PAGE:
Typically, the meeting of these two currents combines a warm flow from the south and oxygen-rich water from the north, producing an environment that can support a rich diversity of marine species along the stretch of continental shelf known as the Grand Banks. But at the end of the last decade warming ocean waters caused the Gulf Stream to migrate north, in turn displacing the Labrador Current so that it meets its southern dance partner further offshore, toward the eastern limits of the giant underwater plateau.
The Gulf Stream is a part of the North Atlantic Current, itself part of a larger system collectively called the Atlantic meridional overturning circulation (AMOC). The AMOC follows a course that zig-zags northward, running from the west coast of Africa across to the Caribbean, and then tracking northeast towards northern Europe. Under normal circumstances, the warm water from this southern stream cools when it meets the currents flowing south from the Arctic; this causes the water to sink into the depths where it joins another current that runs south, deep under the Atlantic, to continue its journey through the world’s oceans.
However, the accelerated melt of glaciers in Greenland has caused a large amount of fresh water to flood into the ocean where this downward convection takes place, and this fresh water, being less dense than salt water, inhibits the sinking of the current’s waters, effectively producing a bottleneck that slows the entire AMOC. This disruption has caused the slowdown of the entire system in the North Atlantic, in turn causing a backlog of warm water from the Caribbean to build up off of the east coast, prompting the Gulf Stream’s northward migration, and in turn pushing the Labrador Current further out to sea.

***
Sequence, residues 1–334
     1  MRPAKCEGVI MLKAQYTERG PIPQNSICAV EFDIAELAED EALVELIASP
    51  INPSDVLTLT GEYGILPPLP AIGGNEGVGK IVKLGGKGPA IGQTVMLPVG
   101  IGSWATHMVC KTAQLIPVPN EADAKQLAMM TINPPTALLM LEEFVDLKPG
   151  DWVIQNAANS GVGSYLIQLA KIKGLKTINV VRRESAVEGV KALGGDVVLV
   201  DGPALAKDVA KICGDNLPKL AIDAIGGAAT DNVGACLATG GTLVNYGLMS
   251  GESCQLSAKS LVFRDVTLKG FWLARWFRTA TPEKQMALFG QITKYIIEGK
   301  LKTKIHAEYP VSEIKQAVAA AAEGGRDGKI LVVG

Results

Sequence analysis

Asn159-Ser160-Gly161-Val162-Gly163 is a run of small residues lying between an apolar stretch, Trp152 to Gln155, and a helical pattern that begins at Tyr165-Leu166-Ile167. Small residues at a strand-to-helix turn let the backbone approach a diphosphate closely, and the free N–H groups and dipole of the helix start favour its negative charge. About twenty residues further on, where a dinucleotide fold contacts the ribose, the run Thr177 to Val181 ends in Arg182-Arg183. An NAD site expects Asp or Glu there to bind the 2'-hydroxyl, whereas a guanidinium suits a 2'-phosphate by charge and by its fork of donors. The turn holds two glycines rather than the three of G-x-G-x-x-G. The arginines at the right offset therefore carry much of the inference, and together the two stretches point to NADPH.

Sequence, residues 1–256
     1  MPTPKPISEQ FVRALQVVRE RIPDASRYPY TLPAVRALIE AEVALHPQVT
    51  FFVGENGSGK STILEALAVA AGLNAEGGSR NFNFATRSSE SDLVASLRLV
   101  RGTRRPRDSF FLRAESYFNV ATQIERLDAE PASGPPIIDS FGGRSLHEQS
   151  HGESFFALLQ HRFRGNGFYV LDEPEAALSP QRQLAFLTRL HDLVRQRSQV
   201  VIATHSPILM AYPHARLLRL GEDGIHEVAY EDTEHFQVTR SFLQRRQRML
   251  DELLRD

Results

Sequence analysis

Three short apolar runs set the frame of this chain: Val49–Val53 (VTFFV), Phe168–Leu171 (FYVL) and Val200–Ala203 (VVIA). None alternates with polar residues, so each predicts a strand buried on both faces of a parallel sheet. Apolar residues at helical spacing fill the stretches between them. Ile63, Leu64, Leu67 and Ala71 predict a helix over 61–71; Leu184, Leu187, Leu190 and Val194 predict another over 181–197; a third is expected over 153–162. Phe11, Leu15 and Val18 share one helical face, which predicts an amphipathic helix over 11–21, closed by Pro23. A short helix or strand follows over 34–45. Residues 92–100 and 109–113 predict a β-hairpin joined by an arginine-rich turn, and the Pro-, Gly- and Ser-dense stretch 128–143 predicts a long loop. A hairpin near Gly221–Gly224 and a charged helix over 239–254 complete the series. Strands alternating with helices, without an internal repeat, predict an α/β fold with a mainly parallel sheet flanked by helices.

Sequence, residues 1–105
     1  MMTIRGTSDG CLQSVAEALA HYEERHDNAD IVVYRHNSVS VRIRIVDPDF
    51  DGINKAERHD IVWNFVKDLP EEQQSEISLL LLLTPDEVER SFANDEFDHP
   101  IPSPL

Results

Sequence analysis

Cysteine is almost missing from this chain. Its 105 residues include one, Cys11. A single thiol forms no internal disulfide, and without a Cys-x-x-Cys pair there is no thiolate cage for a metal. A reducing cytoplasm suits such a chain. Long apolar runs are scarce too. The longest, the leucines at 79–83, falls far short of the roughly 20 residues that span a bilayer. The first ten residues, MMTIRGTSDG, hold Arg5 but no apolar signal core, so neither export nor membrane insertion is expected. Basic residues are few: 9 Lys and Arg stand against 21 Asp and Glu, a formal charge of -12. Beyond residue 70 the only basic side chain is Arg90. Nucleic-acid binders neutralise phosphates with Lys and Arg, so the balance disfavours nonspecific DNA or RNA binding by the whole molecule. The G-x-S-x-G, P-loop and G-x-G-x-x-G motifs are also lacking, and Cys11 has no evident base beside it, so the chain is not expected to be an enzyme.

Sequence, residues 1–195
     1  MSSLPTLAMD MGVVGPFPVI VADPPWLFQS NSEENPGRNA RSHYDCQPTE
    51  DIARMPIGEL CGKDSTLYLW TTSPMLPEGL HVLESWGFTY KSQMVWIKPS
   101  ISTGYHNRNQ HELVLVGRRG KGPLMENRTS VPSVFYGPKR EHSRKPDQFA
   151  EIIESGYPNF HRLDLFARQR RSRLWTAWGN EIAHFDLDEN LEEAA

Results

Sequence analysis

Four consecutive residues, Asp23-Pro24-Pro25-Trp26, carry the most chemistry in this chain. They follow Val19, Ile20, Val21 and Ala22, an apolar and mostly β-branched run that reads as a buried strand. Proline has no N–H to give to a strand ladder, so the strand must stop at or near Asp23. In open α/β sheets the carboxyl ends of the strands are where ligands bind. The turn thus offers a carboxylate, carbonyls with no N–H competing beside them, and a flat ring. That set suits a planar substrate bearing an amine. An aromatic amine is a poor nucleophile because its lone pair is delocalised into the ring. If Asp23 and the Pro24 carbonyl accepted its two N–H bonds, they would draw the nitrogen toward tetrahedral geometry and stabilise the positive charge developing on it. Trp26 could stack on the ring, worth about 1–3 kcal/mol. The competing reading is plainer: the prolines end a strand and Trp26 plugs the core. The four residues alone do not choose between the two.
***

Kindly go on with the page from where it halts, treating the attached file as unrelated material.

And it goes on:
“We used satellite data to show that when the Gulf Stream migrates closer to the underwater plateau known as the Grand Banks of Newfoundland, as it did after 2008, it blocks the southwestward transport of the Labrador Current that would otherwise provide cold, fresh, oxygen-rich water to the North American shelf,” according to the study’s lead author, Goncalves Neto.
This shift seen in 2008 was the beginning of a series of warm temperature anomalies that persisted over the course of the next decade, particularly in the Laurentian Channel, the body of water between Canada’s provinces of Newfoundland and Nova Scotia. And as with all things, these warming anomalies had a cascading effect on other neighboring climates.
“This mechanism explains why the most recent decade has been the hottest on record at the edge of the Northeast United States and Canada, as the delivery system of cold water to the region got choked off by the presence of the Gulf Stream,” Neto explained.
“When the Gulf Stream blocks the Labrador Current, temperatures rise and oxygen concentrations plunge along much of the eastern North American shelf,” added co-author Joe Langan. “These changes can directly impact temperature-sensitive fish and invertebrate species: warm-tolerant species from the south may establish themselves in Atlantic Canada, cold-loving species may move further northward and offshore.”
- Flowchart of currents along the Gulf Stream on the East Coast of North America; From Wikimedia Commons, the free media repository
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